Facebook’s internal rulebook on sex, threats and violence leaked

Facebook’s internal rulebook on sex, threats and violence leaked

An internal document outlining Facebook’s in-house policy for handling content containing sex, threats and violence has been leaked to the Guardian - opening up the most detailed look yet at the social media giant’s approach to controversial content.

Stretching to thousands of documents, the trove of papers illustrate the complex web of rules and regulations used to govern what is allowed and what is not; including apparent inconsistencies in approach which treat a threat to kill the US president far more seriously than a similar threats to take the life of an ordinary member of the public.

An overt statement such as ‘someone shoot Trump’ would be deleted by censors for instance while a more generic statement such as ‘I hope someone kills you’ would be given a pass, unless it was found that such statements formed part of a broader ‘plot or design’ rather than an ‘expression of emotion’.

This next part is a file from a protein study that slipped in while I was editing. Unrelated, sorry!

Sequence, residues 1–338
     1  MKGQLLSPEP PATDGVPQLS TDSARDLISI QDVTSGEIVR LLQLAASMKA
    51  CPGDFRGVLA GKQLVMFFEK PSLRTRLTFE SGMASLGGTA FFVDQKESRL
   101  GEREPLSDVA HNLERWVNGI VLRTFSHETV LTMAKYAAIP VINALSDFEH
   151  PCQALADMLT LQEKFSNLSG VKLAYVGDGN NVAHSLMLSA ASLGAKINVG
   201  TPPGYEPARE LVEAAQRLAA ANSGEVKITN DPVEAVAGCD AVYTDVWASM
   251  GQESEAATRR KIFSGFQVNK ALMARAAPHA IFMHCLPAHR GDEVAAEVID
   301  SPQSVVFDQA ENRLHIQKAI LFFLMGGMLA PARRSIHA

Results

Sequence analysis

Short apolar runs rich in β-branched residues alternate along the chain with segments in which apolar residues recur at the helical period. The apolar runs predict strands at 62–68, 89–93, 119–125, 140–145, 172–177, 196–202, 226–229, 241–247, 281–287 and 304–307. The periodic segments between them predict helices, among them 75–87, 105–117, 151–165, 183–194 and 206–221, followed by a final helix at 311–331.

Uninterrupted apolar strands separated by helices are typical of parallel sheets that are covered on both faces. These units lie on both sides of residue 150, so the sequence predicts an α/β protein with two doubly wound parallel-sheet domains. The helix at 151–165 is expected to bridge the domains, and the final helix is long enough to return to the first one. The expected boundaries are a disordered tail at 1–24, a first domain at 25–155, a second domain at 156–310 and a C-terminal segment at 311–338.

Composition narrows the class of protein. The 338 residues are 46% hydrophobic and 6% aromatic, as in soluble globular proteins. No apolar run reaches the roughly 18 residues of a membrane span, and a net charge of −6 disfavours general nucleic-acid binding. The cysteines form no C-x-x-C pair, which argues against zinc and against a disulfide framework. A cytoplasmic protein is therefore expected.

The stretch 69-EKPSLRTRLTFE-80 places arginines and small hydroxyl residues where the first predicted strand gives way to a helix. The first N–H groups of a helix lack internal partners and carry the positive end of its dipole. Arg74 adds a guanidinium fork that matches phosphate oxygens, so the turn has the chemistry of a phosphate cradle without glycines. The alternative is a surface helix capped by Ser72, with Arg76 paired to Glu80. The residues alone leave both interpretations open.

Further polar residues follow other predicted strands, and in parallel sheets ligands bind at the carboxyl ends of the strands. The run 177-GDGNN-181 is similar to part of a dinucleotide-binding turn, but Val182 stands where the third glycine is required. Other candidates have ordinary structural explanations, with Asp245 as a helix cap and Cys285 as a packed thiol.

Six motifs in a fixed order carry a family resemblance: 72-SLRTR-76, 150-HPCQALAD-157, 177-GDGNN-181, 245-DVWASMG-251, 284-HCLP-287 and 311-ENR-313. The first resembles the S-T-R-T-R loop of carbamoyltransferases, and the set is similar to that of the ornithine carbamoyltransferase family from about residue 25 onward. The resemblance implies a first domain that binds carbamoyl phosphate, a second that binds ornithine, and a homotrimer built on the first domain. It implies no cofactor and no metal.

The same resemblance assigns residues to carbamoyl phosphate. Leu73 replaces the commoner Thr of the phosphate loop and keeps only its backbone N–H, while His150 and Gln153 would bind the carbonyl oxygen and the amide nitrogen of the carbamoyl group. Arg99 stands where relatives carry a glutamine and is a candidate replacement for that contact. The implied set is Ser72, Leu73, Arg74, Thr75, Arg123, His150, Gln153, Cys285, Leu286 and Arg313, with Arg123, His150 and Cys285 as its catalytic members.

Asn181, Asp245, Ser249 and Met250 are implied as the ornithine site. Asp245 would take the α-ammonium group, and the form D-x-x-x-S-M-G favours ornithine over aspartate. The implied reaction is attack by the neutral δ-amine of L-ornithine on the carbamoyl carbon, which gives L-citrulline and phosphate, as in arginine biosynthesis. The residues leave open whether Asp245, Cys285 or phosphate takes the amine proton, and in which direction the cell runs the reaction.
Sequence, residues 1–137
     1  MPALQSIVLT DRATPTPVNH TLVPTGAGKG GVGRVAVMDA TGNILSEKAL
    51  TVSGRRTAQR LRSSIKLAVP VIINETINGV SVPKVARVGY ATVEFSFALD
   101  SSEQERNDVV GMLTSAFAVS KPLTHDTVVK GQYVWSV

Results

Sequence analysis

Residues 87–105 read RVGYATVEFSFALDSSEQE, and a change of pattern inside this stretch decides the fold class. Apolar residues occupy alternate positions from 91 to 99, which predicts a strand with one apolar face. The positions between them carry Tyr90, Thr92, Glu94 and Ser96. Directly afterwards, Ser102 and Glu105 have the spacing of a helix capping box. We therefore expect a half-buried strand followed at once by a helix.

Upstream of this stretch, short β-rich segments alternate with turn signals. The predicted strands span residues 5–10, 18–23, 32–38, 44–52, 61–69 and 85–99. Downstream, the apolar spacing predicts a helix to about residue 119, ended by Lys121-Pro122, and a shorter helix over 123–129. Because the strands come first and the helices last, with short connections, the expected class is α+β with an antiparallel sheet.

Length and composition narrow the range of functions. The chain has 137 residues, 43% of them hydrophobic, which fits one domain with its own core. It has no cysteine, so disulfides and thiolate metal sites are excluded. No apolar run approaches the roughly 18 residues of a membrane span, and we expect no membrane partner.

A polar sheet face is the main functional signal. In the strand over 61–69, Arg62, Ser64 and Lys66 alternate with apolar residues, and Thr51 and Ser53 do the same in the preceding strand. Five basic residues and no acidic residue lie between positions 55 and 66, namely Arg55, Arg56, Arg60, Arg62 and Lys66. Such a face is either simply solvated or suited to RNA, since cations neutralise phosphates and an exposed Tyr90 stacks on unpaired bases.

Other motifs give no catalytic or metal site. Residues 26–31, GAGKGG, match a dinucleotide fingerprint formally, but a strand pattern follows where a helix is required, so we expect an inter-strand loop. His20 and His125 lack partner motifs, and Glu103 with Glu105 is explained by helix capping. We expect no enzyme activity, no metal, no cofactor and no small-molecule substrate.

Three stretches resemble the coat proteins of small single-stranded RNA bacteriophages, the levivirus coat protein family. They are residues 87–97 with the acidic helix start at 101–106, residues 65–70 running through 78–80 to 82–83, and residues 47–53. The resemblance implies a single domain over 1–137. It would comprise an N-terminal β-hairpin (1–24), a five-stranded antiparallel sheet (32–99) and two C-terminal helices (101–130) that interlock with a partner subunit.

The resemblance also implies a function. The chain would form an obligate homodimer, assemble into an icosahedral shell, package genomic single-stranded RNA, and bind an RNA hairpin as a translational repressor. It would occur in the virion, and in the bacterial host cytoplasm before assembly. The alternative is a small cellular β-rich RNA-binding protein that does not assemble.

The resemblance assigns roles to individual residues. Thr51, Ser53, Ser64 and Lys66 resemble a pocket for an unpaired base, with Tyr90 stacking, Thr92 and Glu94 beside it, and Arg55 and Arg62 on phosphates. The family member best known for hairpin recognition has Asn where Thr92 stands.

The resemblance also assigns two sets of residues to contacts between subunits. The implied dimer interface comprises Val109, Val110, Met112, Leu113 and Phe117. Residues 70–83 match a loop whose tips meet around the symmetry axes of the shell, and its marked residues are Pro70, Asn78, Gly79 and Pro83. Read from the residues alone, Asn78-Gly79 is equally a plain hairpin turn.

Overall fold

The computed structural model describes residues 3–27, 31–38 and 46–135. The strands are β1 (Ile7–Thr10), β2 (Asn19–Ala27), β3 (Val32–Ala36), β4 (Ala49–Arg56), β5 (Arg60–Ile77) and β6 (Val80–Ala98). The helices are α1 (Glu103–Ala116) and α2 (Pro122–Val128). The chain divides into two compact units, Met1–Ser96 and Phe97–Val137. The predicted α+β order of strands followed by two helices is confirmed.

Speaking to the Guardian, Monika Bickert, ‎Facebook’s head of global policy management, said: “[Facebook] is not a traditional technology company. It’s not a traditional media company. We build technology, and we feel responsible for how it’s used.

“We have a really diverse global community and people are going to have very different ideas about what is okay to share. No matter where you draw the line there are always going to be some grey areas.”

The leak comes at a sensitive time for Facebook, which has faced pressure to explain why some content; such as video of a man killing his daughter and the suicide of a 12-year-old girl live-streamed on Live.me - the latter of which remained viewable for close to a fortnight - while identical footage on YouTube was removed almost immediately.

At present Facebook permits videos depicting self-harm but caveats this that there must be an ‘opportunity to help the person’. Videos of suicide meanwhile are banned under any circumstance. A similar approach is adopted for non-sexual child and animal abuse, with footage permitted as a way of raising awareness of the issues as well as drawing help to those affected.

Just last month Facebook announced that it would be recruiting 3,000 censors to police graphic Facebook Live videos.

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